Native Plant Communities
Community Variants: Slough Marsh, Everglades Slough
Sloughs are shallow, non-forested wetlands with slow moving water. Fire is an important factor in maintaining these systems. It is likely that many, if not most, are anthropomorphic being in open settings where the systems would likely have historically been forested.
Sloughs meeting this generic description can be found at Kissimmee Prairie State Park and in other areas where the uplands were historically Dry Prairie.
Slough Marsh or Everglades Slough. These are the primary sloughs found in South Florida. They are found in areas of marl lying over limestone. When the Everglades was described as the "river of grass", it is these sloughs that were being referenced. The water moves gradually through them at a rate that varies from less than 1 to over 4 cm per second (this is very slow) at the Shark Valley Slough depending on weather (Riscassi and Schaffranek 2002).
Typical vegetation includes sawgrass, spikerush, and grasses. Cattails have invaded disturbed areas. Dwarfed pond cypress is sometimes present. See FNAI (2010) for more a detailed vegetation description.
Sloughs in the Everglades region can be seen in the Everglades National Park at Shark Valley and at the Anhinga Trail.
Florida Department of Environmental Protection. 1992. Soil and Water Relationships of Florida's Ecological Communities http://www.dep.state.fl.us/water/wetlands/delineation/docs/soil-and-water.pdf
Duever, M. J., J E Carlson, J. F. Meeder, L. C. Duever, L. H. Guderson, L. A. Riopelle, T. R. Alexander, R. L. Myers, and D. P. Spangler. 1986. The Big Cypress National Preserve. Research Report 8, National Audubon Society.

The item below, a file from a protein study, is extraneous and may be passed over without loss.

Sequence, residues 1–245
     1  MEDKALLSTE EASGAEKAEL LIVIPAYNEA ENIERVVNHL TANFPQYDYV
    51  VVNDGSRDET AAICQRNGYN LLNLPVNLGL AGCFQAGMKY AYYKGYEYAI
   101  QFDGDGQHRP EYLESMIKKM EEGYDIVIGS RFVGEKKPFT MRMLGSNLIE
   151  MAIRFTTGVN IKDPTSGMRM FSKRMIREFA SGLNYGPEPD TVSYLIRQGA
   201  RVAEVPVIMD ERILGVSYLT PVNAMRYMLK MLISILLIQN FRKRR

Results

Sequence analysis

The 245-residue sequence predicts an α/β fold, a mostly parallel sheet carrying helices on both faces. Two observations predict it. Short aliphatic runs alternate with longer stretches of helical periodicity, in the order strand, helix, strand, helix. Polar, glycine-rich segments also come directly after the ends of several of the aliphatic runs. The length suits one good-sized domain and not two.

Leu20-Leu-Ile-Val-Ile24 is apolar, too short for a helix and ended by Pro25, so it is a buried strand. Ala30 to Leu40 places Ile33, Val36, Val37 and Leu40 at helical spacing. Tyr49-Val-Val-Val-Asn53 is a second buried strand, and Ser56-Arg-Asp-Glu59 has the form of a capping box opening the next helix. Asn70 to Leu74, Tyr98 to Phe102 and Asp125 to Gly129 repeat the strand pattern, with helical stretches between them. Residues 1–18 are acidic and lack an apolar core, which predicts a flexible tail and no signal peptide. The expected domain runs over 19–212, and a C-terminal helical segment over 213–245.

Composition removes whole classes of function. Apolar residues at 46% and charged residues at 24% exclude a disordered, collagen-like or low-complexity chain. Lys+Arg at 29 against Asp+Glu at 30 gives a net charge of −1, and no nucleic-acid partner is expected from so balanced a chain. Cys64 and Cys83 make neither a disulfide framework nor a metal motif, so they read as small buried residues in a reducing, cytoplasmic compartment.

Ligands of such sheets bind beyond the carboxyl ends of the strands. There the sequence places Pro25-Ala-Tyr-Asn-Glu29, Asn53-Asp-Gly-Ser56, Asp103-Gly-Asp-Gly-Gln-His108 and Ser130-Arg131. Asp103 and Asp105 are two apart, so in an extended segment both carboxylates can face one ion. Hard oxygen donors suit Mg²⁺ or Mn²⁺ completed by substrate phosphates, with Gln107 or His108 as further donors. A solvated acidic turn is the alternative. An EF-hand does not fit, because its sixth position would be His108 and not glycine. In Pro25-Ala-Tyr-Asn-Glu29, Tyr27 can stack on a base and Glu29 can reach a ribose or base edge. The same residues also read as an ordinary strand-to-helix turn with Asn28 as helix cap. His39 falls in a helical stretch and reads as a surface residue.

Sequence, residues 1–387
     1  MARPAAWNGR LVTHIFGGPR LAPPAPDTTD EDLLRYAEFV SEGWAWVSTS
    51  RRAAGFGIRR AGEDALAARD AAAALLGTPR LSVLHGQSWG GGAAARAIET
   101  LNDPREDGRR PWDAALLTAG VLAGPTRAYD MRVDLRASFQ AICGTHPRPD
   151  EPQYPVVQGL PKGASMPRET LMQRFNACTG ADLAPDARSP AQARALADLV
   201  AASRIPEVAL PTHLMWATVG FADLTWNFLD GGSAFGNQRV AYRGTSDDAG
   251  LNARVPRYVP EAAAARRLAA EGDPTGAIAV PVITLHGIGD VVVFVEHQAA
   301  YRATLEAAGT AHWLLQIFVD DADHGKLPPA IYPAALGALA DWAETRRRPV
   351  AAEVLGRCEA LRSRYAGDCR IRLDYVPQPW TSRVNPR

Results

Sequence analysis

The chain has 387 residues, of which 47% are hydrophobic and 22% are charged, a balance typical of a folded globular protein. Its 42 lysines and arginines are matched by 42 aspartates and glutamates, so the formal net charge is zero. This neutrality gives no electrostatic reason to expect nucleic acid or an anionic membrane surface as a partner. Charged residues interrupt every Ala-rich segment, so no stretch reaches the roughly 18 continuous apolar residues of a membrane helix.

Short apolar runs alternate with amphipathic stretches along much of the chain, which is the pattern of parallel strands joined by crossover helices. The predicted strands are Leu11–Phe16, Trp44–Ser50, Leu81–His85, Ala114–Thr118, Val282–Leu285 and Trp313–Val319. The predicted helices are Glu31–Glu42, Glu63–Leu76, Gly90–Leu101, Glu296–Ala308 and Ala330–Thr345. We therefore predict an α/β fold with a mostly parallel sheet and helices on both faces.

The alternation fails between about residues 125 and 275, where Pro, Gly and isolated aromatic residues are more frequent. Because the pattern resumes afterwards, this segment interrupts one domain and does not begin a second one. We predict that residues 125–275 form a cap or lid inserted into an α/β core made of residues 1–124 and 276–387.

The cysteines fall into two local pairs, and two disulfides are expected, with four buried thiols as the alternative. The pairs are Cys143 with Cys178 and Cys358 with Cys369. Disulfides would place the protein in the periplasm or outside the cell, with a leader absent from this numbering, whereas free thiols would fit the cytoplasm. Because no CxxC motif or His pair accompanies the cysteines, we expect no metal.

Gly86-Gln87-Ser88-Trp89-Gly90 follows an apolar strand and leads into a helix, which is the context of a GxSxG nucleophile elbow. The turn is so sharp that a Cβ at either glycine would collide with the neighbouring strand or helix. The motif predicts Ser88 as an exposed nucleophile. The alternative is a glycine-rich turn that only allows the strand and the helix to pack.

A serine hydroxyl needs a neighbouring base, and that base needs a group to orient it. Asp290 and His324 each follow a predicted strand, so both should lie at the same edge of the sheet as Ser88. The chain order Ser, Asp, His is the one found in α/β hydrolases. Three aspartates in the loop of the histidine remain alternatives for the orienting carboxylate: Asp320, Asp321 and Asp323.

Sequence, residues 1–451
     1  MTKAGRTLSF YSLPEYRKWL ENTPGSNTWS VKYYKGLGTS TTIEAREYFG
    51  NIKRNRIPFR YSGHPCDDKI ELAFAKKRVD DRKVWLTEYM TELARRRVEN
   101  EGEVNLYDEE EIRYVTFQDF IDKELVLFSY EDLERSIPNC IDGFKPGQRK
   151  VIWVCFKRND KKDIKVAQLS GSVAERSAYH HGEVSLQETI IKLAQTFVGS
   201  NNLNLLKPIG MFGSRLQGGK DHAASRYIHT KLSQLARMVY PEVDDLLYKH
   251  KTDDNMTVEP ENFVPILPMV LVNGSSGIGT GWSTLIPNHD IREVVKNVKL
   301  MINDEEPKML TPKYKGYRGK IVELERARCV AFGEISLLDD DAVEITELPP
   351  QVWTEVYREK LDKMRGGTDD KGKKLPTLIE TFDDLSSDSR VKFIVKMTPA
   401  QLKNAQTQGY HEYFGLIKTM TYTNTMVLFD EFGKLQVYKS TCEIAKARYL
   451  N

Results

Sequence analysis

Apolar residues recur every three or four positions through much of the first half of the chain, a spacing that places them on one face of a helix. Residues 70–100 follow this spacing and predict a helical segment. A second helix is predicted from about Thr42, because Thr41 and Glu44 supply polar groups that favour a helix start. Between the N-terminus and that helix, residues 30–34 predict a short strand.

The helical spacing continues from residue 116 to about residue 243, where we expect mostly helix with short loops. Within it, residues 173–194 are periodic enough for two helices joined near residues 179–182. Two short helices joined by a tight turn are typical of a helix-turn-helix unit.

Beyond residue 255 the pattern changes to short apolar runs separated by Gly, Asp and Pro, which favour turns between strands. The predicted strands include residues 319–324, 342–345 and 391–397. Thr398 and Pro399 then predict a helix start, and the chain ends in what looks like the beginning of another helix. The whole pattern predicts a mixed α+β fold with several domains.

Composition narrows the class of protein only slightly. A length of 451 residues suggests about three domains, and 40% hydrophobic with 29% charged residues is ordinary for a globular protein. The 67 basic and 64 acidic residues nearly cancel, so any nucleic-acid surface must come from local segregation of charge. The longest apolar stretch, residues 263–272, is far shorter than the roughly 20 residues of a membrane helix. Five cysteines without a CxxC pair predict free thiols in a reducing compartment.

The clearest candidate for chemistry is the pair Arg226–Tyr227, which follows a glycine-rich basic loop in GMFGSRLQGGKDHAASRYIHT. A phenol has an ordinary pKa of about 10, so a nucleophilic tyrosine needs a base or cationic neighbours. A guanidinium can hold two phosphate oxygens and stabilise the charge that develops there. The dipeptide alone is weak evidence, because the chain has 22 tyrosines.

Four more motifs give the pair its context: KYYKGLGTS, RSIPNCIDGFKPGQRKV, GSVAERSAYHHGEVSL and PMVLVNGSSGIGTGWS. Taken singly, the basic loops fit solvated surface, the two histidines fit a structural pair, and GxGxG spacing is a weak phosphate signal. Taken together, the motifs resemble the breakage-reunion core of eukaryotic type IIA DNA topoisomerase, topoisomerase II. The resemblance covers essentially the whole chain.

Florida Natural Areas Inventory (FNAI). 2010. Guide to the natural communities of Florida: 2010 edition. Florida Natural Areas Inventory, Tallahassee, FL. http://fnai.org/naturalcommguide.cfm
Myers, R.L. and J.J. Ewel (eds.). 1990. Ecosystems of Florida University of Central Florida Press: Orlando.
National Research Council 2003. Does Water Flow Influence Everglades Landscape Patterns?. Washington, DC: The National Academies Press.
Riscassi, A.L., and R.W. Schaffranek. 2002. Flow velocity, water temperature and conductivity in Shark River Slough, Everglades National Park, Florida: July 1999 - August 2002. U.S. GEOLOGICAL SURVEY Open-File Report 02-159.
USDA Soil Conservation Service. 1986. 26 Ecological Communities of Florida. http://ufdc.ufl.edu/UF00000110/00001
Whitney, E.N., D. B. Means, A. Rudloe. 2004. Priceless Florida: Natural Ecosystems and Native Species. Pineapple Press.
Date Updated 2020-05-17 11:49:56
Slough in Kissimmee Prairie State Park. Since this photo was taken, park staff have removed the palms. Photo by Shirley Denton.